Even taking a selfie of that blonde you were sitting next to with your mate Dave. Though the wife wasn't happy with that one.
People take pictures of everything they see that is interesting or unusual. Which invariably includes the police doing something. A crash, a raid, a few officers standing around looking intimidating. The riot squad forming up, police cars racing by with sirens on. Something interesting, something worth taking a picture of.
Yet many of our police react negatively to this, we have had many many reports of people standing in their own homes or gardens ordered to stop filming the police doing something.
Take a picture in the streets of London and you may get stopped by the police because you are breaking some security regulation.
We are surrounded by CCTVs and security cameras, we have no control what so ever about our actions in public being watched and recorded. There is a growing use by the police of body cams, go pro type cameras that can record the activities of the public who are facing the police, this is apparently having a positive effect.
But why are so many of our police still unhappy with us filming them?
In Ferguson the police went after the reporters, they dropped tear gas on a film crew who were standing alone, nowhere near the demonstrators. They ordered others to turn off their cameras. Reporters were (and still maybe) harassed, arrested then released later without charges, they were intimidated and prevented from reporting events.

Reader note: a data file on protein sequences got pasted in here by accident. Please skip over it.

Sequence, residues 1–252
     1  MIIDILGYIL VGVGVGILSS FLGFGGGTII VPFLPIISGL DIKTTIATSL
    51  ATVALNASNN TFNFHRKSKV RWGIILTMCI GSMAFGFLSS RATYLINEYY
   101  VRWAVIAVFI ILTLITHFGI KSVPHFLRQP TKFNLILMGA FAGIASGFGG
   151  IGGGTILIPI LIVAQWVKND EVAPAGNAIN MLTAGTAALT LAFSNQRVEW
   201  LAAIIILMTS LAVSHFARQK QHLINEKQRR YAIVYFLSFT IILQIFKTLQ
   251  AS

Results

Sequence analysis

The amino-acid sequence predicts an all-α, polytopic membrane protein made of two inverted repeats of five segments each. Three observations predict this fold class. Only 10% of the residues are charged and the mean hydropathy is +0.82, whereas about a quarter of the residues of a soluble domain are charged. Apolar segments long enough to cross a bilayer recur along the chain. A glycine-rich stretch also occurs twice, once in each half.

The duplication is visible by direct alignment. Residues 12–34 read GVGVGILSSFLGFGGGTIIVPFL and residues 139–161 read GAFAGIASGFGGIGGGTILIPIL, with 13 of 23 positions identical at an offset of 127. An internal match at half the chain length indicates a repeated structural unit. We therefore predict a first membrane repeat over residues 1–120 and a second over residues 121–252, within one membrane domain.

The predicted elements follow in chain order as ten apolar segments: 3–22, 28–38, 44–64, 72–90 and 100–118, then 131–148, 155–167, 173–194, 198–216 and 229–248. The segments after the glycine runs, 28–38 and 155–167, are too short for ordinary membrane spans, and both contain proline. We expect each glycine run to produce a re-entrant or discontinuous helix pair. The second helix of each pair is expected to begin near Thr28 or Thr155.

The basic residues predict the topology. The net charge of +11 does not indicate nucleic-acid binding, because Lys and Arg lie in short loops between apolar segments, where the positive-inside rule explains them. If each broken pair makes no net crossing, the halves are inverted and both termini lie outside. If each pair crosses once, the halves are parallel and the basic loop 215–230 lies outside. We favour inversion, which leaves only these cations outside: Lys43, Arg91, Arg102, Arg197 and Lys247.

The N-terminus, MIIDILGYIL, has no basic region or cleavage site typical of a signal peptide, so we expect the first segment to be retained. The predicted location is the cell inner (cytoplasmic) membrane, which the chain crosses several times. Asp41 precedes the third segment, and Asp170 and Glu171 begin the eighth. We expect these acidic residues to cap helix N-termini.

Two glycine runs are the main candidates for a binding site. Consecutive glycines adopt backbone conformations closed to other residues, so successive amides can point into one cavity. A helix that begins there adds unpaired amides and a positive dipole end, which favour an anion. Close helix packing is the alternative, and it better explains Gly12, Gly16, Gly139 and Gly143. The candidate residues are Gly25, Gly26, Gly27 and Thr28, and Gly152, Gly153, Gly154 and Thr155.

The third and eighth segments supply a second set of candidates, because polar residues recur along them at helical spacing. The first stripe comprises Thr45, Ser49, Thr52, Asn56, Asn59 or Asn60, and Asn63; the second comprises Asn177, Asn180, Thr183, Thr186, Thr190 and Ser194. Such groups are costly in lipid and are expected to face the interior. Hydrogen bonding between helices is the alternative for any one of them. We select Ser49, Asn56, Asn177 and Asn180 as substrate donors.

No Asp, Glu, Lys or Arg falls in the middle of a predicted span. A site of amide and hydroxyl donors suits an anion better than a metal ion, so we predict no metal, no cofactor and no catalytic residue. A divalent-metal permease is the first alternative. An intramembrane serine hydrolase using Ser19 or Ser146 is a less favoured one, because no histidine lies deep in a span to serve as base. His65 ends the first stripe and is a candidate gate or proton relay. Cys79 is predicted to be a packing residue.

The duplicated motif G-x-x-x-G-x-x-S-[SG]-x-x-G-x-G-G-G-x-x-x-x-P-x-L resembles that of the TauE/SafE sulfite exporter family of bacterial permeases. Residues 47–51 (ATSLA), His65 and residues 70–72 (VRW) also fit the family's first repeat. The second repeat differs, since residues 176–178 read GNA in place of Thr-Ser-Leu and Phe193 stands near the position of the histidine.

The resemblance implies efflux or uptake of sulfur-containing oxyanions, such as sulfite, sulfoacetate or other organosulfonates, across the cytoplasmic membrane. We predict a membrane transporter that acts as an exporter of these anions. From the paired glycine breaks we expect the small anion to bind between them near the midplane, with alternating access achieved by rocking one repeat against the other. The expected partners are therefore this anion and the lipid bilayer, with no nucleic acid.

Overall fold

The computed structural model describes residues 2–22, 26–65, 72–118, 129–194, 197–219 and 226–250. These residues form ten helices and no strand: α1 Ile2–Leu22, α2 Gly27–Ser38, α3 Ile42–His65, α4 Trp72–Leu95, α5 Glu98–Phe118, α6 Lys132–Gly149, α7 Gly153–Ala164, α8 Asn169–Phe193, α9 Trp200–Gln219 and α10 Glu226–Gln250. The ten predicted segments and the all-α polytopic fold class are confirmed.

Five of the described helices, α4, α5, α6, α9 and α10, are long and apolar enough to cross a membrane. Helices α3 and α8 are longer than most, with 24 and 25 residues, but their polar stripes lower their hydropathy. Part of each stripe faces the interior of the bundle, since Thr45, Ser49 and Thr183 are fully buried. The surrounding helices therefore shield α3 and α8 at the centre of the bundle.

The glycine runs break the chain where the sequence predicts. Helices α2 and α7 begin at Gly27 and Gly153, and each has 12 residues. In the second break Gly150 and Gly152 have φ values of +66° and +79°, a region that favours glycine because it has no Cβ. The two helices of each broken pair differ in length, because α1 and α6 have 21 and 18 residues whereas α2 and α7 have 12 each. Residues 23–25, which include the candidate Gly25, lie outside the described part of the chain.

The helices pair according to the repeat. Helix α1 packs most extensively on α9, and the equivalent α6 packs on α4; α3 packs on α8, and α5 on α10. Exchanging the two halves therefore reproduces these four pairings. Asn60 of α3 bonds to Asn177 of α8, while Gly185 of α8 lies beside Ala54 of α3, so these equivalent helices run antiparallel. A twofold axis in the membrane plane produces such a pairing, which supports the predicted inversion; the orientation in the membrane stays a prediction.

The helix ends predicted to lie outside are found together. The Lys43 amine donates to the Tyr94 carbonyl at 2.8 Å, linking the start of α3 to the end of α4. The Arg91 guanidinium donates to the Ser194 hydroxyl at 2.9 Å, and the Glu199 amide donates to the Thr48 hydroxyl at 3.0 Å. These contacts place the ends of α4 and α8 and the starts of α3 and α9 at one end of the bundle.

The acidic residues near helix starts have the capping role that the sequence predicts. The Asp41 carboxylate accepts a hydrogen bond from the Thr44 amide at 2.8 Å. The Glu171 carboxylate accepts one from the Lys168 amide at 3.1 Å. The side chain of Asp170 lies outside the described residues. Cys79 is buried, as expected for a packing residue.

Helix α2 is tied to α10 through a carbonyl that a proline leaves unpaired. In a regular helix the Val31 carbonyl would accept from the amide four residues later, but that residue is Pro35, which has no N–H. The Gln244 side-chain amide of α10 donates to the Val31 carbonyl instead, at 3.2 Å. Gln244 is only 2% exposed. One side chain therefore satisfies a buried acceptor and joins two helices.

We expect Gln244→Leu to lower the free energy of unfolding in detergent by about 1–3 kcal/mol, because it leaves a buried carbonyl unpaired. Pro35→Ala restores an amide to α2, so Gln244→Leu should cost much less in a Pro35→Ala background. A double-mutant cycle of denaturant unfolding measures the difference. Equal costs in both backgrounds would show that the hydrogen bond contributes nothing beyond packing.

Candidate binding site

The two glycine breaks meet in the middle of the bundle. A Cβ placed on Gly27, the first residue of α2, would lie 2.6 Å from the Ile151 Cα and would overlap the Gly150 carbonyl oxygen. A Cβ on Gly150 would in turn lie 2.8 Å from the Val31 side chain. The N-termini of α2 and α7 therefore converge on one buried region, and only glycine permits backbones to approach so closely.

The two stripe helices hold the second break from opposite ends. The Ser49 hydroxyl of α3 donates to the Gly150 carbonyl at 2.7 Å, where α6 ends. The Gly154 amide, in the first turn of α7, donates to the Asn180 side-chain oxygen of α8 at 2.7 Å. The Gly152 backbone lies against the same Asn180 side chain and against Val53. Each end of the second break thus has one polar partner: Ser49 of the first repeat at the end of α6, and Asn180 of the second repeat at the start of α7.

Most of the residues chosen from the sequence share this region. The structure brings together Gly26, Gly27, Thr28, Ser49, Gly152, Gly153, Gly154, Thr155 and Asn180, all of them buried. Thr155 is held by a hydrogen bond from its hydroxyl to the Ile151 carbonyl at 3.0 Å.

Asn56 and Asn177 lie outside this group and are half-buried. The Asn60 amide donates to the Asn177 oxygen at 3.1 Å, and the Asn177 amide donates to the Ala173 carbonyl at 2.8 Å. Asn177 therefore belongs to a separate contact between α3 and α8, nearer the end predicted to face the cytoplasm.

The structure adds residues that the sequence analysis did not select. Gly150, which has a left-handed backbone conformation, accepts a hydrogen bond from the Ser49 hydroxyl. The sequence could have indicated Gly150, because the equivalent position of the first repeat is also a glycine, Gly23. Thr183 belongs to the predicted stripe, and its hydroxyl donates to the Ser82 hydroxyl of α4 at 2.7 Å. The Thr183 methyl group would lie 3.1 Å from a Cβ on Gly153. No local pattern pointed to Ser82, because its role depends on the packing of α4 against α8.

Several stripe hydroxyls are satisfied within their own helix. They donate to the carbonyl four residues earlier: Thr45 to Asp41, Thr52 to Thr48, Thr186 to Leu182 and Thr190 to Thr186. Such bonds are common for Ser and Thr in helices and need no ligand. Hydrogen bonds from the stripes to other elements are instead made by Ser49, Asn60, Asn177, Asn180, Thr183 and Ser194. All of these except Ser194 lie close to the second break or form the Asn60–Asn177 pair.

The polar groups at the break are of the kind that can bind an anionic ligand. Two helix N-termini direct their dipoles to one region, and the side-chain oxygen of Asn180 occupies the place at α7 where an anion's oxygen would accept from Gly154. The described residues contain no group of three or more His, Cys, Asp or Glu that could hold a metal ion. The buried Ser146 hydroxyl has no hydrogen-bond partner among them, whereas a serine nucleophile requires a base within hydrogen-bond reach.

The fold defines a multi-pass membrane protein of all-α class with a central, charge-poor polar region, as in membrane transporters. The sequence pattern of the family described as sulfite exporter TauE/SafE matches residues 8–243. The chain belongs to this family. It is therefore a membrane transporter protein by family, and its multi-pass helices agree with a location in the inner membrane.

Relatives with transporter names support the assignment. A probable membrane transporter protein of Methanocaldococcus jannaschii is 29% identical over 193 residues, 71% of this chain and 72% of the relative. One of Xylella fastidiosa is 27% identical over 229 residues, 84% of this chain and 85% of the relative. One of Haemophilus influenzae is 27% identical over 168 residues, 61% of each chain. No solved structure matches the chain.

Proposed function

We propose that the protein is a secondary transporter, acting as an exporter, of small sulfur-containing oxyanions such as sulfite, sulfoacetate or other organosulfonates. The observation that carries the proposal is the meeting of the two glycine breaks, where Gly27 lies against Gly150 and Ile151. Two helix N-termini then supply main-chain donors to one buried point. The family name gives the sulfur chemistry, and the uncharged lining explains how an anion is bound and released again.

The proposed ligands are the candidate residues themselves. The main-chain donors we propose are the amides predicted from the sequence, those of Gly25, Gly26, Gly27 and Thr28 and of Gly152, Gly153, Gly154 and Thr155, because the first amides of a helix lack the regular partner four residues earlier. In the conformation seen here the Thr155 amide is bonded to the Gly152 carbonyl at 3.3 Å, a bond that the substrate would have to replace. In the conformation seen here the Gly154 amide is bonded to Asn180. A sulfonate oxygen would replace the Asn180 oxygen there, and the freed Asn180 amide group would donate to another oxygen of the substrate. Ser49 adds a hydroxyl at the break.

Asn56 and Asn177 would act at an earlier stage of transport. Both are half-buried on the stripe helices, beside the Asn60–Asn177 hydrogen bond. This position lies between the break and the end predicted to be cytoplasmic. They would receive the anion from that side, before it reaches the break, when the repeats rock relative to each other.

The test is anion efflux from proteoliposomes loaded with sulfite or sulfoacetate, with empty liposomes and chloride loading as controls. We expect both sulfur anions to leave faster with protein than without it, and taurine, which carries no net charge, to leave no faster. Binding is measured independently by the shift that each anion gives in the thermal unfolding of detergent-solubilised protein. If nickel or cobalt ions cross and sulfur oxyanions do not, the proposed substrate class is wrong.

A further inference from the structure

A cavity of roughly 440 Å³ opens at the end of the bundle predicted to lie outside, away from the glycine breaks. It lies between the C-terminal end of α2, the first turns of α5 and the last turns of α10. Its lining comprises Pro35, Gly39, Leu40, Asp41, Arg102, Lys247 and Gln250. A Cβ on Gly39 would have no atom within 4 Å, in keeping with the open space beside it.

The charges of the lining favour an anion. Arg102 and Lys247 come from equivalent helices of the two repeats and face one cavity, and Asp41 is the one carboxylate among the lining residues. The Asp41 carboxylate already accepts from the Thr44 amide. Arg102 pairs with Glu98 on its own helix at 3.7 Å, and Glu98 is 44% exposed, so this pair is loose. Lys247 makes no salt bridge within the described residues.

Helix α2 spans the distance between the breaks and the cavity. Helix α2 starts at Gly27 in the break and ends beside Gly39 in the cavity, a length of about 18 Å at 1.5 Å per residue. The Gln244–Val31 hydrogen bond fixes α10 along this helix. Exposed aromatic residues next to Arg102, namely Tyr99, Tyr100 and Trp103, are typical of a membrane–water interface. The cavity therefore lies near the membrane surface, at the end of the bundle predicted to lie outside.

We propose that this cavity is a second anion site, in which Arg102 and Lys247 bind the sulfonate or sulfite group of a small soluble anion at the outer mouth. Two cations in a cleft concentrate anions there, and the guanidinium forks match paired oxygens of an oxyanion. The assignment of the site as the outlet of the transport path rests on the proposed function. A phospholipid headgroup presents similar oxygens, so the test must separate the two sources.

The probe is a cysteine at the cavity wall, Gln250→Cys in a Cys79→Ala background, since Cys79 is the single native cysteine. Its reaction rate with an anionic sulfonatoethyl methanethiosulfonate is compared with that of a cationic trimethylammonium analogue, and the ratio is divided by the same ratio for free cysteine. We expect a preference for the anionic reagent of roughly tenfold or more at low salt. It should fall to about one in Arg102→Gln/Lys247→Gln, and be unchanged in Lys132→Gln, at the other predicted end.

In the UK it is not this bad, with official reporters and journalists anyway. Though often they are provided with allocated areas to which they must adhere, ‘For their own safety’ or some other such reason. But the public, that is a different case.
An official policy statement by the Metropolitan police on the subject:
"Members of the public and the media do not need a permit to film or photograph in public places and police have no power to stop them filming or photographing incidents or police personnel"
Section 58A of the Terrorism Act 2000 states that says police officers can stop you filming them if they believe the video will be used for the purposes of terrorism. Hardly applicable to a car crash or an arrest or the police knocking on your door or even a riot.
Yet Police and security guards still continue to order the public or reports to stop filming or to leave the area, I can see keeping a crime scene clear but shouting at people on the other side of the road to stop filming is clearly unwarranted.